After 18 years of pastoring full-time, I stepped away from leadership, got a full-time job that was not in the church, and took time to heal and recuperate after extreme burnout. About a year later, a church called me as their bivocational pastor. For most of the year, like around half of SBC pastors, I work a full-time job and serve as pastor of a church.
One of the biggest challenges in moving to bivocational ministry was in the area of sermon prep. When I was full-time, I had a sermon prep rhythm that allowed me to finish my sermon on Friday at noon. Even though prep and writing only took around 12 hours, my weekly schedule usually revolved around sermon prep.
Now I find myself in a very different routine. My full-time job starts and stops at set times every day. I also have additional responsibilities at work that keep me an extra ten to fifteen hours per week during different seasons of the year. Sermon prep is still an important part of my week, but now I have to work on my sermon when I can. I discovered that this requires even more intentionality than when I was full-time.
What follows is the rhythm that I have tried to establish for myself in sermon prep as a bivocational pastor. In sharing this, I have avoided assigning particular tasks to particular days because every pastor’s full-time job schedule is different. However, I hope that these broad categories of sermon prep will help those serving in bivocational ministry.
Preach through Books of the Bible
Sometimes our theological convictions and practical necessity line up nicely. Preaching through books of the Bible allows God’s word to speak in context and provides God’s people with a balanced diet in his word. This helps preachers to avoid hobby horses and forces them to preach on topics that they would ordinarily avoid.
If you are a bivocational pastor, it gives you an added benefit–you don’t spend days trying to figure out what you are going to preach. I once spoke with a pastor who said that he still found himself on Sunday mornings and flipping through his Bible trying to figure out what he had the “unction” to preach. I never heard any of those sermons, but I am sure that they were shallow and thin. When you preach through a book of the Bible, you can get started as early as possible working on the next sermon, and have time for God’s word to marinate in your mind.
Start Early in the Week
Since you know what you are preaching, now you need to make sure that you get started early in the week. The first step in my sermon prep is to read the passage that I am preaching ten times. (How long it takes me to do this depends on the length of the passage.) Then, I make twenty-five observations from the passage.
By the time I have done this, I know my text pretty well. This is the most important part of your preaching other than your personal walk with the Lord. Get this essential part of sermon prep done as soon as possible during the week. When I am working a normal schedule, I try to at least read the text ten times by the time I go to bed Monday night. This allows me to spend time thinking about the sermon even when I am not sitting down and working on it.
Utilize the “Gaps” in Your Day
Unless you get a weekday or two off, it is going to be difficult to devote one long block of time (3-4 hours) to working on your sermon. Instead, you have to learn how to use “gaps” in your day to maximize sermon time. For example, you could scroll through your phone during the twenty minutes that you are in the waiting room at the doctor’s office, or you could use that time to read commentaries for your sermon or read books that will help prime the pump for sermon illustrations. Also, this is a wise way to work because you never know when an obligation at your full-time job may cut into your sermon prep late in the week. (A helpful way to learn how to do this is to read on the journalistic style of deep work in Cal Newport’s book Deep Work.)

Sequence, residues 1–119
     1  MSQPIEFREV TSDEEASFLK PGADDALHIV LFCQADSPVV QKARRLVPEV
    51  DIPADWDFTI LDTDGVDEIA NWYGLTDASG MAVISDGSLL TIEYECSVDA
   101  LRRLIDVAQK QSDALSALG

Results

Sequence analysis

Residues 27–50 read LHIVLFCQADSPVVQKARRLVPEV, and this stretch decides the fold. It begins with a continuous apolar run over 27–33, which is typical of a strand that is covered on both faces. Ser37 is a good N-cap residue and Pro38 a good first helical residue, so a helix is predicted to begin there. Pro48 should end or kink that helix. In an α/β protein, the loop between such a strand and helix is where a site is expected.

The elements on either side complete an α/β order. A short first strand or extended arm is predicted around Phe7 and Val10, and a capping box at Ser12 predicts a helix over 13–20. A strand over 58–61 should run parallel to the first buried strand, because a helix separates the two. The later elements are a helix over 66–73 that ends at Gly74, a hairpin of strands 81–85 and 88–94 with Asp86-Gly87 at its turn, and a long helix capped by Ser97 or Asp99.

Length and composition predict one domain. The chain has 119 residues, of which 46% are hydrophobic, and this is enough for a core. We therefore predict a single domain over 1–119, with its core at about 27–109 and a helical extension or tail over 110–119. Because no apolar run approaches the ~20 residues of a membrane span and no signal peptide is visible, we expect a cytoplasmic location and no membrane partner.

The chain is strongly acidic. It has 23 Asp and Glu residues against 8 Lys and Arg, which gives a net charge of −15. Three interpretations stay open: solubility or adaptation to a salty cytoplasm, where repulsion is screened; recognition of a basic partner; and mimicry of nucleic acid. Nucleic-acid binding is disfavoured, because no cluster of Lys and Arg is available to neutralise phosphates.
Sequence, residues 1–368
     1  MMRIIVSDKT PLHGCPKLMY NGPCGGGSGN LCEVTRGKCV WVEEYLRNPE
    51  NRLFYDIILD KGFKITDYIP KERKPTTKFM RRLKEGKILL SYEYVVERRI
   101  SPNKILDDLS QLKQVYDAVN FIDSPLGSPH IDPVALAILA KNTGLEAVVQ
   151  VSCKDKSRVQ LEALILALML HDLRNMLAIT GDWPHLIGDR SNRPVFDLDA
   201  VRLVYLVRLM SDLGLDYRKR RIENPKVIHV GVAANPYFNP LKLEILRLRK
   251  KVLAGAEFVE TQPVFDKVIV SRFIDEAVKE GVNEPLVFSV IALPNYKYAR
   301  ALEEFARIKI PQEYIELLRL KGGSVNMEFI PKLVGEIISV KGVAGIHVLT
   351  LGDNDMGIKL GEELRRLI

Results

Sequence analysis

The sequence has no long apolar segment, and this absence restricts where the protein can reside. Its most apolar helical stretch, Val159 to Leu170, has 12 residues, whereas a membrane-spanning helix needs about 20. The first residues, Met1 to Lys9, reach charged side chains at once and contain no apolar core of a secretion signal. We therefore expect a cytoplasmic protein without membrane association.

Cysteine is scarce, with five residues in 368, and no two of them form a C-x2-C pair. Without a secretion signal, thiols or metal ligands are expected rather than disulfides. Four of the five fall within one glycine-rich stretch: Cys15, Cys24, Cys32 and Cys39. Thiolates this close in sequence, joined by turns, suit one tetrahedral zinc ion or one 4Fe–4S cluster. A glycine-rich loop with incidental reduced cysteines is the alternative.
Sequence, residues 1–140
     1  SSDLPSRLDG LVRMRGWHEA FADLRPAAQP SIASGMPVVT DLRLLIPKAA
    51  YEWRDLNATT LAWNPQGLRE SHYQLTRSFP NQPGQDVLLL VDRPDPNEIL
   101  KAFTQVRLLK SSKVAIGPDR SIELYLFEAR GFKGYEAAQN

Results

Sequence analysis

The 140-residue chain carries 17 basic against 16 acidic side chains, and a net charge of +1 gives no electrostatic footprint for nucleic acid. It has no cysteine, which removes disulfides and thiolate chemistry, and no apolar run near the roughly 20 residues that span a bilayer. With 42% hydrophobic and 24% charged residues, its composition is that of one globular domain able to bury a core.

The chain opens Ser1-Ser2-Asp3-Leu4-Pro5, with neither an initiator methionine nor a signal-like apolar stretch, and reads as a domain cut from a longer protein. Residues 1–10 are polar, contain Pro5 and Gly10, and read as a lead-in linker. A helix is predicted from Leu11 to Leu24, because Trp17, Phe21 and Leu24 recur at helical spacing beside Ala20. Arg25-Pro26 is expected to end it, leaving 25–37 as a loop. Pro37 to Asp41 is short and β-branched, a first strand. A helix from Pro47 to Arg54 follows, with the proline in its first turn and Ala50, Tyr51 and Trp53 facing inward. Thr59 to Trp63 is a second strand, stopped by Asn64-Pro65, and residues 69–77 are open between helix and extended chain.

If you learn your text really well early in the week, you can also use time when you are driving to think through the sermon. There have been many times that I have come up with points of application, sermon illustrations, or insights into the text when I was thinking about it while I was driving. You can also use driving time to call people in your church to find out how you can pray for them. Understanding how the people in your church are struggling gives you the opportunity to pray for them and gives insight into how you can help them from God’s word on Sunday morning.
Set a Time at Which You Will Start Writing
I have an extremely high standard for the quality of my sermons. When I was full-time, I developed a standard flow for each of my sermons and was able to preach my sermon without notes. I would often hold off writing the sermon until I was sure I had answered every exegetical question to the best of my ability.
When you work 40-60 hours a week and preach, you do not have the luxury of being a perfectionist about your preaching. Work as hard as you can to have the sermon ready, but at some point you have just got to get the sermon on paper and trust that the Lord is going to use it. You may not have had time to read eight commentaries. Maybe you wanted to track down an issue and read a section in a Systematic Theology text on it. As long as you know the text and have worked through it as best as possible, give yourself permission to start writing and be content with not being as prepared as you wish you could be. Besides, if you had 50 hours to work on the sermon, you would still feel you had not done all that you could.
“The One Thing You Cannot Leave Out of Your Funeral Sermon”
For Further Reading:
8 Hours or Less by Ryan Huguley
Deep Work by Cal Newport
Christ-Centered Preaching by Bryan Chapell